She continued, “There are some days I adore my body, and others when I don’t feel completely positive.”

Lizzo posing in front of a gray backdrop in a low-cut, white one-piece swimsuit. She has shoulder-length dark hair styled in loose waves, is holding out both of her arms and is wearing colorful makeup, a chunky bracelet on one wrist and metallic anklets around both of her ankles.

Credit…Yitty

“The idea of body positivity,” Lizzo said, has “evolved into body neutrality.”

A promotional campaign this year that teased Yitty swimwear, an extension of the line of bras, leggings and other shapewear Lizzo introduced two years ago, showed the singer flaunting her backside in a one-piece thong swimsuit. Models in the campaign similarly reveal generous amounts of flesh, wearing a series of one- and two-piece swimsuits.

“I’ve made my own wardrobe,” Lizzo said. “And now I get to be the C.E.O. and supermodel for my brand.”

Produced in partnership with Fabletics Inc., Yitty’s parent company, the swimwear is offered in sizes from 6X to XS. (The brand lists the largest sizes first.) It is aimed at the kinds of customers who may already own Yitty undergarments or similar items from Skims or Savage x Fenty — each of which, like Yitty, makes products using a stretchy combination of nylon and spandex.

What’s the difference between those products and Yitty swimwear? The bathing suits are made partly from recycled fabric, are meant to resist chlorine and are engineered, Lizzo stressed, “to create even more of a hold.”

The swim line includes a square-neck bikini top as well as bikini bottoms, shorts and one-pieces described in promotional copy as “cheeky,” “high-waist” and “waist-cinching.” Items are priced from about $50 to $100.

The range of available sizes, according to Lizzo, makes it easier to find something a little tighter (or looser). “If somebody wanted more or less compression, we give you the power to do that,” she said. “Just buy a different size. This line is about freedom.”

Lizzo, who is not touring at the moment, has lately had a bit more freedom herself to develop her line or to take up feel-good pursuits like exercise. “I’m taking the time every day to put some love into my body,” she said. “There is never a day when I regret taking a walk or doing some Pilates.”

She is dieting as well. “I’ve been methodical, losing weight very slowly,” Lizzo said. Others recognized for advocating candid self display have faced pushback after losing weight from people who see it at odds with self-love.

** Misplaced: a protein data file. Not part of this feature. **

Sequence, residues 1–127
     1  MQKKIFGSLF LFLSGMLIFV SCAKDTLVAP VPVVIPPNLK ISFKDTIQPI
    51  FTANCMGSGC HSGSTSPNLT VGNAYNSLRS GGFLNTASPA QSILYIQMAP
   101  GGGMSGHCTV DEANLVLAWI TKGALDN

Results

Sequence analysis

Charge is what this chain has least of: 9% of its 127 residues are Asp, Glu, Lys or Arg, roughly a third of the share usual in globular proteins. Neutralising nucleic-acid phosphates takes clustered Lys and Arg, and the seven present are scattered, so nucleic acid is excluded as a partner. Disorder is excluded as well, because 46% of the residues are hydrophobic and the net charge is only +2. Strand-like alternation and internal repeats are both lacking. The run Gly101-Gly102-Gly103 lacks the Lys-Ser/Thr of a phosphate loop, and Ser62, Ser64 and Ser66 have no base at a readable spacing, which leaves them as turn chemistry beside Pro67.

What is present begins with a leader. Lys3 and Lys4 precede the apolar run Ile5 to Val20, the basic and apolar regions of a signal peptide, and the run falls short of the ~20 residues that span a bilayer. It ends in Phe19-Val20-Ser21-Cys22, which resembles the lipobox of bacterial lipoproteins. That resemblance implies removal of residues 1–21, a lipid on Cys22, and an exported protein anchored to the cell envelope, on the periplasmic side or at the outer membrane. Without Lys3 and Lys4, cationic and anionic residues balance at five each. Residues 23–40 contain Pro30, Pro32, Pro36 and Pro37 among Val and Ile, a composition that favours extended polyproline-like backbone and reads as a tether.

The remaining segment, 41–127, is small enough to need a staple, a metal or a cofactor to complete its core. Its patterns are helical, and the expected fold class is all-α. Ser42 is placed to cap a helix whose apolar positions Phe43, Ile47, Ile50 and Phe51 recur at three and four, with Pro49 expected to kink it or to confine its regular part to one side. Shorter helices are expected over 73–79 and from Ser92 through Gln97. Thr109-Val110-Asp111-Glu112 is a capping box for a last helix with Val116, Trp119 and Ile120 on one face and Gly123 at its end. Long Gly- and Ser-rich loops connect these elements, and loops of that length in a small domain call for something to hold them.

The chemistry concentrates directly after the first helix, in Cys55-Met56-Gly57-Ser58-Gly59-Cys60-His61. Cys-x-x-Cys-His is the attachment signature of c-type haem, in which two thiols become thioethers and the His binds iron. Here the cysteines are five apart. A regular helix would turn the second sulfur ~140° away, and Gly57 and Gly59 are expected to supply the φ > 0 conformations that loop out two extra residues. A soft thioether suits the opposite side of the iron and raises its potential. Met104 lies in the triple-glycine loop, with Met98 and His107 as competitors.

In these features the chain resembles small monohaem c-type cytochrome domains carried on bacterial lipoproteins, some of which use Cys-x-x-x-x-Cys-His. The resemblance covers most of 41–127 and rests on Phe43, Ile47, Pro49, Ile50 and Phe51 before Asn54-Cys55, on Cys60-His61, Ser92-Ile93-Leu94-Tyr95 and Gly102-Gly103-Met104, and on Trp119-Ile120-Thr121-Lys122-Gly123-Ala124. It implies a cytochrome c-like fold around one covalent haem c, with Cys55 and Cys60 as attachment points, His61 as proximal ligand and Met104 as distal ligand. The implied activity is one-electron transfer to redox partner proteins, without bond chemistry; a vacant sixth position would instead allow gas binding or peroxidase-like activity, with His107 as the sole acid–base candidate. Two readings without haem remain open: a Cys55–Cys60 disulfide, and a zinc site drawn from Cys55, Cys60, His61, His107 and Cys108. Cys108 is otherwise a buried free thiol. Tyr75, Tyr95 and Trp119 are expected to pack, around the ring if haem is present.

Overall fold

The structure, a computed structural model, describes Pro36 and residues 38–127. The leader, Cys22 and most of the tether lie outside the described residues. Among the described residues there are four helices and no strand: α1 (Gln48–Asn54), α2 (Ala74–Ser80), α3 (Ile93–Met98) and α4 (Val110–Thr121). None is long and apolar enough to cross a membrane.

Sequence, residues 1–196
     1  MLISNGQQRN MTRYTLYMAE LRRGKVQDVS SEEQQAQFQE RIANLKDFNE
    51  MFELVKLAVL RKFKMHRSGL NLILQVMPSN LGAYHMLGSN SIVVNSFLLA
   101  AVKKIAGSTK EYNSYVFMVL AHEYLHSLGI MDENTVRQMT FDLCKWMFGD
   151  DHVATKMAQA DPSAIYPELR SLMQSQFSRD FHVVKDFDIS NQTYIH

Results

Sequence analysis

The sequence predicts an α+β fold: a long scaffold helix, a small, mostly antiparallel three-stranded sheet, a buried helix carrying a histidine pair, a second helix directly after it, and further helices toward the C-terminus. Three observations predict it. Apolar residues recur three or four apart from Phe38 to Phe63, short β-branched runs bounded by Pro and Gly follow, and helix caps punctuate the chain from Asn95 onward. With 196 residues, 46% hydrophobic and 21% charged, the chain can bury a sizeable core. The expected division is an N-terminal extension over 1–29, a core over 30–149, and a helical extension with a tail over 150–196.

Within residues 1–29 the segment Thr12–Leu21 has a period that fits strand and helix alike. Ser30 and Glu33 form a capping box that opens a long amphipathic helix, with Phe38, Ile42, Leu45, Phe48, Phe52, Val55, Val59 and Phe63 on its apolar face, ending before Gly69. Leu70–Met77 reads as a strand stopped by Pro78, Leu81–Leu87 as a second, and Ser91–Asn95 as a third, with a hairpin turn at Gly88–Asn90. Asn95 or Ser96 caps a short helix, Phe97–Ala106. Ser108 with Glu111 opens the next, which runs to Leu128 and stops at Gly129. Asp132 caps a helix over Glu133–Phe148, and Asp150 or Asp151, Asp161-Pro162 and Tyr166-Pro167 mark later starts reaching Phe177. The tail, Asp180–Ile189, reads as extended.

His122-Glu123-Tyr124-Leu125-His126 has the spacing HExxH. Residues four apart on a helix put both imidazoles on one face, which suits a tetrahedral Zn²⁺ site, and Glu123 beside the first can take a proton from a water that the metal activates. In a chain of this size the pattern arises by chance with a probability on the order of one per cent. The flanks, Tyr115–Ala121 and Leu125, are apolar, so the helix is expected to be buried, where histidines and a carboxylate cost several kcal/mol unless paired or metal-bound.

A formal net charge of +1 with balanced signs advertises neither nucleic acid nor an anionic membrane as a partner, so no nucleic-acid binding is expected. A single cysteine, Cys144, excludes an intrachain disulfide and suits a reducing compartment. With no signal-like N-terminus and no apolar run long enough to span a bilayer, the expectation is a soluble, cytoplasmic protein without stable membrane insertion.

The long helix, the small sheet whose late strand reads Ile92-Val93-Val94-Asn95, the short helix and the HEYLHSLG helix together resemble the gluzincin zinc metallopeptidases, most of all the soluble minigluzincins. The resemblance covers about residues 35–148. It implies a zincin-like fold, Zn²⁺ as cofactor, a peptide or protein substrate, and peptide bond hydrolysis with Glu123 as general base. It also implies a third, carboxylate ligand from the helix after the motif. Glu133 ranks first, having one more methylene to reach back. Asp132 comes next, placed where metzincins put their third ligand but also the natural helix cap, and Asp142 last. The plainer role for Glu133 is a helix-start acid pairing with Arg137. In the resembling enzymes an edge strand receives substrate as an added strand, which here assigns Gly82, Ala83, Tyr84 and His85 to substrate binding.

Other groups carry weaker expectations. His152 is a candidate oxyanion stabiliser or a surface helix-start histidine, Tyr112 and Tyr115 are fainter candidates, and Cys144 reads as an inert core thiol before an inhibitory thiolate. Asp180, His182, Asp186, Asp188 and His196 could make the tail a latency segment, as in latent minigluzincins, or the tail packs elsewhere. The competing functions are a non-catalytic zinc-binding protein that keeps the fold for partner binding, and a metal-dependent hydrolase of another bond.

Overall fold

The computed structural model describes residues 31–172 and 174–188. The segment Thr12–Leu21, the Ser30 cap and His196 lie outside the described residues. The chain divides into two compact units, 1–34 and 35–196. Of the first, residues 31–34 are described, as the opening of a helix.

The singer, of course, is no stranger to controversy. She declined, through a publicist who was present for Lizzo’s video interview, to comment on ongoing lawsuits accusing her of harassment and of creating a hostile work environment, allegations she has repeatedly denied. Through her publicist, Lizzo also declined to comment on attacks on her appearance and character by Candace Owens, a conservative political commenter.

Speaking generally about some people’s obsession with her appearance, Lizzo said, “My body is nobody’s business.”
International Market Square: Home for Life’s Spring Gala with Special Guest Isabella Rossellini

International Market Square: Home for Life’s Spring Gala with Special Guest Isabella Rossellini

International Market Square

Isabella Rossellini is Life For Animals Santuary’s 2024 Gala Guest!

We are thrilled to announce Home for Life’s Spring Gala is back in 2024, and even more excited to share that our special guest for the event will be Isabella Rossellini! We will back at International Market Square in Minneapolis Saturday April 27th for this incredible evening! Isabella Rossellini is an acclaimed model with 29 international Vogue covers to her credit, including her most recent, the cover of Italian Vogue in September 2023 and a spokesmodel for the Lancome cosmetic line. A celebrated actress, she starred in such films as Cousins, Blue Velvet, Death Becomes Her, among many others, was married to director Martin Scorsese and was the longtime partner and fiancé of director David Lynch. Of course, you may also recognize her as the daughter of legendary actress Ingrid Bergman and the director Roberto Rossellini. But all that glamour was not why we were interested in having her as a guest at our event: Isabella is also an ardent animal lover, and owns and operates an organic farm in New York called MamaFarm, where she raises heritage, endangered livestock animals and heirloom farm crops.  Read more: B&B, Weddings and Private Events | Mama Farm

She is a dedicated volunteer for Guide dogs Foundation for the Blind and raises puppies and trains the young dogs for their program, providing guide dogs for visually impaired people. But we bet you will be surprised to learn she also has a master’s degree in animal behavior and is now a filmmaker, creating producing and starring in many productions, both movies and on stage, about animals and their behavior. “I always dreamed when I was a little girl interested in animals that I would go live in Africa like Jane Goodall. Then I found out that you can look in your backyard, and you can do your own safari.” – Isabella Rossellini

It should be a memorable evening with this elegant and beautiful, original and fascinating guest!

Event

Home for Life’s Spring Gala

Reservations

Saturday, April 27th

Location

 International Market Square

275 Market Street

Minneapolis, MN

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My Chickens and I

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The Nature Conservancy in Minnesota: Half of Minnesota’s waters are polluted!